Alya Al Zaabi, 22, a design graduate from Zayed University, was selected to design the Mubadala World Tennis Championship trophy after her interpretation of it as an Emirati "thorn bracelet" won over organisers.
Djokovic endorses Emirati-inspired design of tennis trophy
ABU DHABI // A gold bracelet tucked away in the jewellery box of an Emirati grandmother inspired the design of the trophy that will be presented at the Mubadala World Tennis Championship in the capital this month.
Alya Al Zaabi, 22, a design graduate from Zayed University was selected to design it after her interpretation of the trophy as an Emirati "thorn bracelet" won over organisers.
The design competition, held last month, asked Emiratis to create a trophy that would reflect the national culture.
"I was trying to create a design that would represent my traditions but also something that would relate to the event," she said.
"That was when I went through the jewellery box and found this gold bracelet, which has been worn by our women for a long time, but only on occasions like a wedding or Eid.
"The bracelet represents a special occasion, achievement and joy which are the same emotions a winner of the championship will experience on that day."
Ms Al Zaabi's design was chosen out of 22 entries for its unique quality and the way it captures the local culture, said Marco Sosa, the assistant professor of Interior Design at Zayed University.
"What made Alya's design a standout was that it was very ambitious and she produced it out of something traditional," said Mr Sosa, who helped choose the winning design.
"She made the model by cutting out inverted cones of paper, joined them together to look like a snake and then with the help of Photoshop, superimposed it on an image of (Rafael) Nadal."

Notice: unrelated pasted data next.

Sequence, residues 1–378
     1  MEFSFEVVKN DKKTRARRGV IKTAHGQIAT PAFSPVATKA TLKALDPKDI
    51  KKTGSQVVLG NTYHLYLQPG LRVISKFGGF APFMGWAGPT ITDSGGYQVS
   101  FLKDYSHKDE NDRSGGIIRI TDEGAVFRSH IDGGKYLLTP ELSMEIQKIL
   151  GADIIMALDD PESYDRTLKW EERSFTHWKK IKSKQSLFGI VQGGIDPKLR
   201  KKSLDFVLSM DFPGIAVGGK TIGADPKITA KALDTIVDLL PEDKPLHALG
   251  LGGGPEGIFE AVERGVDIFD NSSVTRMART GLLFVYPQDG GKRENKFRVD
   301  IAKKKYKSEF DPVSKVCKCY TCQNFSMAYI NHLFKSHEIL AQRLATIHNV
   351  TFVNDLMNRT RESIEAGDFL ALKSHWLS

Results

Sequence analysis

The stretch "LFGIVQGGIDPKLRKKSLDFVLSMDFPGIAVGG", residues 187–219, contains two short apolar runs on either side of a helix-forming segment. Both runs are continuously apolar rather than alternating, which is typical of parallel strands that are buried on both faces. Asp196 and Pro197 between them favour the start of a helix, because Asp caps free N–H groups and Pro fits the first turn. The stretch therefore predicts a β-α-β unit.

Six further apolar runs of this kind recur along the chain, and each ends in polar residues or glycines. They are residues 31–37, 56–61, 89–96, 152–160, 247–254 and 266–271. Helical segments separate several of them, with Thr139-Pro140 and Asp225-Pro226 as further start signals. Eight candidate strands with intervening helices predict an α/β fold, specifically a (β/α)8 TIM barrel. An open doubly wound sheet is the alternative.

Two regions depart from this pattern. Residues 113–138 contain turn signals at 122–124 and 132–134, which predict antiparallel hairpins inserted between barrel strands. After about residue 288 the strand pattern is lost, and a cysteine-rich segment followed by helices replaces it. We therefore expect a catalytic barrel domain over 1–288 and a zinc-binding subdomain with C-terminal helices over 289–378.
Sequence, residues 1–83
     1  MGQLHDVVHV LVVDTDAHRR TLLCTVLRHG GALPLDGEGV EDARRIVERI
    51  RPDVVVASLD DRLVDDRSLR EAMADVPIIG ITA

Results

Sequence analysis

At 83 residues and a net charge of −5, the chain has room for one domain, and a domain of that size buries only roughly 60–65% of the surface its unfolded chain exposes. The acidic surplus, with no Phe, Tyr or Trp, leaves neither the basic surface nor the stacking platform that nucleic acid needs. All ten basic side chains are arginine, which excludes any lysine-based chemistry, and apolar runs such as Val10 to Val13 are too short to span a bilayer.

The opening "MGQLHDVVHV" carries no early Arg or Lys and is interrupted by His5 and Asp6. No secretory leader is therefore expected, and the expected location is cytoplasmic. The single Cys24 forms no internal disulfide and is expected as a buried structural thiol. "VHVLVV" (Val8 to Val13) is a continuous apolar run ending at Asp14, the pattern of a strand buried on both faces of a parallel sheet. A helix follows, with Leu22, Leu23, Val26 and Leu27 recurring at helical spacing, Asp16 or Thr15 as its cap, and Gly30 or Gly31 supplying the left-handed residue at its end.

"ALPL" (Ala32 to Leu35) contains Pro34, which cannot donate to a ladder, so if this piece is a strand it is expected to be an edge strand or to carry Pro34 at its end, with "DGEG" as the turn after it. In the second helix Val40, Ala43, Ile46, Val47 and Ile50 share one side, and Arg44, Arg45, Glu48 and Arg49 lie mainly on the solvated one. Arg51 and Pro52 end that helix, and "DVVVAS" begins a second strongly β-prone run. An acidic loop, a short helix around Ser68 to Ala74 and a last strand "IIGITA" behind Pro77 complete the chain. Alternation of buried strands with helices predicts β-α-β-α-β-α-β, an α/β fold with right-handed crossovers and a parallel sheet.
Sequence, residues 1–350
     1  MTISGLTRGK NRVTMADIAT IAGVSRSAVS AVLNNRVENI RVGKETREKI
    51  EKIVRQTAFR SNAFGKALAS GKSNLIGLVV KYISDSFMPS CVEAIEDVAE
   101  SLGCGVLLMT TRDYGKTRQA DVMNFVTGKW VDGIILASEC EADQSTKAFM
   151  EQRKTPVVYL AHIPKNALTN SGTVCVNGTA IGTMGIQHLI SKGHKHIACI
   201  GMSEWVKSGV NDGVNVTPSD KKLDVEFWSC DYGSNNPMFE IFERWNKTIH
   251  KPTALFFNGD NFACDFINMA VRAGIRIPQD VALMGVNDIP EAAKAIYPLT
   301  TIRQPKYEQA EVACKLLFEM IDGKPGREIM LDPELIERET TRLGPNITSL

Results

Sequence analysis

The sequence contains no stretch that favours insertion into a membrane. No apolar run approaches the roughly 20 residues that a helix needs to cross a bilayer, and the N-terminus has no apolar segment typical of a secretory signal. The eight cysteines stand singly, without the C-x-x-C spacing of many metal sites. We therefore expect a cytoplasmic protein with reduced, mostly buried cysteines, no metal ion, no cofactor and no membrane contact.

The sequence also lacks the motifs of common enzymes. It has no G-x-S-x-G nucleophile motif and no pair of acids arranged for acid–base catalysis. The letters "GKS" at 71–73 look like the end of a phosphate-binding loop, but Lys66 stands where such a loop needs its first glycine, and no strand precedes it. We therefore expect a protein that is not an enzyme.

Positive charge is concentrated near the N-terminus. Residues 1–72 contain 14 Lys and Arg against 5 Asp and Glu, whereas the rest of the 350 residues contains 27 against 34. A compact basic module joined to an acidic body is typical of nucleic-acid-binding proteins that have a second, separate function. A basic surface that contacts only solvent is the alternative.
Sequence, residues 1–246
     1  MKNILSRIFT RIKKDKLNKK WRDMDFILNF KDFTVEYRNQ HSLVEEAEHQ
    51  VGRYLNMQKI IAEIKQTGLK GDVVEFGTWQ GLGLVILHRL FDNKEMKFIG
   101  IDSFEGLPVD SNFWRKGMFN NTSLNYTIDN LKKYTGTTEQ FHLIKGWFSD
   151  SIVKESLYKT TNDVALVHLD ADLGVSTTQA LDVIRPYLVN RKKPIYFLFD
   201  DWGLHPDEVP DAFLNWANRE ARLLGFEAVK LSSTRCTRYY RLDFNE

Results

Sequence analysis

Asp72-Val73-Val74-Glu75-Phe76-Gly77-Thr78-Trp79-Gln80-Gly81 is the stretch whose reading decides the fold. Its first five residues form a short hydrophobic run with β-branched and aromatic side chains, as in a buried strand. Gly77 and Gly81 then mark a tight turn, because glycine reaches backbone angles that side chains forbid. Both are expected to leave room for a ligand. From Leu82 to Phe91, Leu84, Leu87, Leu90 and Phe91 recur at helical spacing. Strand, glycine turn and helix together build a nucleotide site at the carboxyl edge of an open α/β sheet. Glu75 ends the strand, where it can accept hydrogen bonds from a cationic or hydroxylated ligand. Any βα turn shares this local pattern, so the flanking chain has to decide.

Students had to create designs that could be developed into a trophy using the hand-blown glass technique.
Filip Simek, the area manager for glass company Lasvit, which worked to bring the trophy to life, said the winning design needed to be something that could be made of glass. "We wanted to support the local design community with this competition," said Mr Simek. "So the requirements for making the trophy had to include a local touch but it had to be possible to create it using the given technology, too."
Ms Al Zaabi said competitions like these give emerging artists a good platform to showcase their talents. "People get to know us and our work," she said. "Like this trophy will be seen by thousands of people who come for the championships as well as others all over the world."
The young artist has already found an admirer of her work in the world's number one tennis player Novak Djokovic, who was the first to see the trophy.
"Yes, I met Djokovic this week," said Ms Al Zaabi. "He said he liked my idea and that it went very well with the sentiments he felt during competitions.
"Seeing all that he has achieved I felt, like, 'yes!' - I too can have the same success in my career."